Short Story Collections and Anthologies
Please send all submissions and queries to firstname.lastname@example.org.
Successful submissions will earn royalty payments once the collections go on sale.
Authors retain all rights to works submitted to Argosy, granting Argosy licence only to distribute the works in ebook and print formats worldwide.
Accepting Submissions for “Volume 3: Collapsed Binary”
For this volume of Argosy, we want to see stories involving strong female protagonists and other female characters taking center stage. Any such tales should stand up to the same rigorous standards that we expect from all our pulp submissions.
Send submissions to email@example.com.
We are accepting queries (not submissions) for stories fitting the following themes. Please identify which category you are submitting to in your email, submitting the first four pages and a synopsis of your story.
We are always looking for tales of high action, adventure, horror, mystery, fantasy and science fiction inspired by the classic pulps of the early to mid 20th century for our general pulp volumes. Works should be of a high quality, well-paced and dripping with pulp energy.
Working Title: Apocalyptica
Tales set during and after world-shattering events about the struggles of those left behind: nuclear holocausts, EMP attacks, environmental collapse, disease and, of course, zombie apocalypse.
Cthulhu Mythos Anthology
Working Title: Lovecraft’s Legacy
A Cthulhu Mythos inspired anthology of cosmic horror, unspeakable cult, forbidden knowledge and ancient evil inspired by the likes of H. P. Lovecraft, Clark Ashton Smith, and Robert E. Howard. Works of this genre should be thematically linked to the works of Lovecraft’s acknowledged contemporaries. An emphasis on the style and works of Lovecraft specifically is not essential.
Detective, Mystery, Hardboiled and Noir Anthology
Working Title: Startling Mystery Stories
For this anthology we are accepting pulp-style works of crime and investigation, vigilante justice or police action. We will be accepting straight detective tales as well as ones that have elements of the weird or that are set in sci-fi, dystopian or fantasy worlds.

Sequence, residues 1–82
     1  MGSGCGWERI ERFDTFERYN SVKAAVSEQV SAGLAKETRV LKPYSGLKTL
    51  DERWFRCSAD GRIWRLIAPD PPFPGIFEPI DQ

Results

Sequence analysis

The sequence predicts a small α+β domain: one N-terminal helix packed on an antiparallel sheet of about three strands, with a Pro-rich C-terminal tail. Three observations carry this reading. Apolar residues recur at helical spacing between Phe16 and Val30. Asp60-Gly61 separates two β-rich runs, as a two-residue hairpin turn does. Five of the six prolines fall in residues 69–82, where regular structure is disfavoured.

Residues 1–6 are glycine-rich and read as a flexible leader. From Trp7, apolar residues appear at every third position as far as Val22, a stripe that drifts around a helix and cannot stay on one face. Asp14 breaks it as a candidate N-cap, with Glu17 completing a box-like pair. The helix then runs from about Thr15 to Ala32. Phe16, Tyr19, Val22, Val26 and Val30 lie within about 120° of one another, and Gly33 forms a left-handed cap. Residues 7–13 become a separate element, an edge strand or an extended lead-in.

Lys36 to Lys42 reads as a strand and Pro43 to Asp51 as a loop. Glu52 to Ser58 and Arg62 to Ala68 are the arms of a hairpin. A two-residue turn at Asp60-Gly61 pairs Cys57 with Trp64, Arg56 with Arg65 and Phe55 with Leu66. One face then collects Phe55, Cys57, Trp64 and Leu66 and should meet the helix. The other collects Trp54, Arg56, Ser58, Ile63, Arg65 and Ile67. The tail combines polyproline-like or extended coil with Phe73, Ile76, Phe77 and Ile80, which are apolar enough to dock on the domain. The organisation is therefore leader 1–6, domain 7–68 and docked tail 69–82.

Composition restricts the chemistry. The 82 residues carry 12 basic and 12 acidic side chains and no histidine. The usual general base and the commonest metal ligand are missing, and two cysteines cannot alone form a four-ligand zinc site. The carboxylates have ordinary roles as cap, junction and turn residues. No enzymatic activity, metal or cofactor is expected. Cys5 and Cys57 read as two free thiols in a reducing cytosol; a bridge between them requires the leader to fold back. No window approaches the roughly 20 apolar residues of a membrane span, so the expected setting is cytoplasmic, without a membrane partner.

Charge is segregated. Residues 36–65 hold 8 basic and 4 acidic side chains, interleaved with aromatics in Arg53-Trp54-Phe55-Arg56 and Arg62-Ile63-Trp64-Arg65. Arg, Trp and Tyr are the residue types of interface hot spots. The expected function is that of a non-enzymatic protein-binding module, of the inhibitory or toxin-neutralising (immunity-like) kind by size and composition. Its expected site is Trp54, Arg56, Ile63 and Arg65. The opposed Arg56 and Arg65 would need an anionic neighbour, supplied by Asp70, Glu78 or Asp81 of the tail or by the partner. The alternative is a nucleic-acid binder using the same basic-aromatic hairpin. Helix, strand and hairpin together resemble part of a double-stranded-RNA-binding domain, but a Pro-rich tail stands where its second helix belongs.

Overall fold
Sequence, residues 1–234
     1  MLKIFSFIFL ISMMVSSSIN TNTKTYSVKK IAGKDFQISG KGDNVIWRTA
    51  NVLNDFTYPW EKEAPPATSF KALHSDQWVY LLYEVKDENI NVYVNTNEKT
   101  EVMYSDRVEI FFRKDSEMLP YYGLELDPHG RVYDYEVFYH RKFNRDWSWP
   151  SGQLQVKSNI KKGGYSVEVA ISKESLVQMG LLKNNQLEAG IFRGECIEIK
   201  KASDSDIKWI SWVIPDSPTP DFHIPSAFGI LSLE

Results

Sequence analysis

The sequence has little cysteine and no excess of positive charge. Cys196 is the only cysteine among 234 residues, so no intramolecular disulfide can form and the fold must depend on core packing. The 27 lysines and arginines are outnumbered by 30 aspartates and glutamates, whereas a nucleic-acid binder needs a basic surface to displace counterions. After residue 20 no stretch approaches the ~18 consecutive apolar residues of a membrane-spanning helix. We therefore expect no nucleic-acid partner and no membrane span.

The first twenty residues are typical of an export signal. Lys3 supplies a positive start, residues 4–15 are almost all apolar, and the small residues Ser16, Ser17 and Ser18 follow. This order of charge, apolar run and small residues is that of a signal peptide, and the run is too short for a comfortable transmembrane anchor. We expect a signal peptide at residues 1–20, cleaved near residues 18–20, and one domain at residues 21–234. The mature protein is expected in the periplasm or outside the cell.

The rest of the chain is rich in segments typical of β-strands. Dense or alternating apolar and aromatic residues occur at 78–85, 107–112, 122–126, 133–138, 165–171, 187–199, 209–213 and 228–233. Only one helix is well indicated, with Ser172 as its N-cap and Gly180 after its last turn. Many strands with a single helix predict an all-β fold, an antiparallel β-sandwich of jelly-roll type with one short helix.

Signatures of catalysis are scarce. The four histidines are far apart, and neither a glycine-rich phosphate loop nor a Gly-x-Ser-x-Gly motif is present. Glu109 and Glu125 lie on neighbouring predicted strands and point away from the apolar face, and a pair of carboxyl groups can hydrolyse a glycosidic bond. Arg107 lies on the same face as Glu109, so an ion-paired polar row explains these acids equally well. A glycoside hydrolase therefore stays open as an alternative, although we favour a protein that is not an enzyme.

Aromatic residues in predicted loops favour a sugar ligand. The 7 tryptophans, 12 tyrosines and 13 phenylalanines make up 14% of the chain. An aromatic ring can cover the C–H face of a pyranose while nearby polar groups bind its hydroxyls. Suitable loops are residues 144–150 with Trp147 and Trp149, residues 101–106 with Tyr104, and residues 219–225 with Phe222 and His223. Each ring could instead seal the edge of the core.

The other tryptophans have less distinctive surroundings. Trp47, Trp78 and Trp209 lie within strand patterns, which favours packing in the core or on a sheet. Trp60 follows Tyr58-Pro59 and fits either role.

Colonial Era Adventure Anthology
Working Title: Shadows of Empire
We would like to build a collection of adventure stories set in the 15th to 19th century. Stories may include magical or science fiction elements but must fit within the aesthetic of the age of imperialism and colonisation, which may include up to the end of World War One. Pure adventure fiction with no weird elements will also be accepted. Pulp fiction style stories are preferred.
We are always in need of cover artists and illustrators for our collections.
Unless otherwise stated, works below 4500 words will not usually be accepted but may be considered. Works over 17,500 words may be considered for serialization. No works over 30,000 words will be accepted.
Please ensure all submissions are in a common document format, preferably .doc. Any official regional variant of English spelling and grammar is acceptable for an initial submission.
Consistency between works in a single volume is important to us. Should your work be accepted, please ensure you make any alterations required as below or by the editor.
“Style” consists of elements of grammar for which there is no definitive correct usage, but many competing usages. Argosy’s style is based on that found in the pulps of the 1930s. The following lists our preferences:
- “Double Quotes” are used for dialogue, and ‘Single Quotes’ for quotes within dialogue.
- Possessive forms of names and nouns ending in -s, -z and -x are always followed by an S after the apostrophe if it would normally be pronounced. For example: “Ramirez’s number”; “Jones’s mule”. Where the final letter is silent, an S still follows the apostrophe: “Arkansas’s laws”; “Dumas’s works”. The exception is where possessive S (‘s) would explicitly not be pronounced, such as with plurals: “the Joneses’ car”; “the victims’ bodies”. Also with ancient names there is this exception: “Moses’ laws”; “Achilles’ heel”.
- Works will be published using the spelling standard they are written in.
- “Further” and “farther” are not distinct words but variant spellings with the same meaning. “Farther” has historically no etymological connection to ”far“. “Further” is preferred for both uses.
- “Alright” and “all right” have distinct meanings, and one should not be used to mean the other. Similar formations are treated in the same way.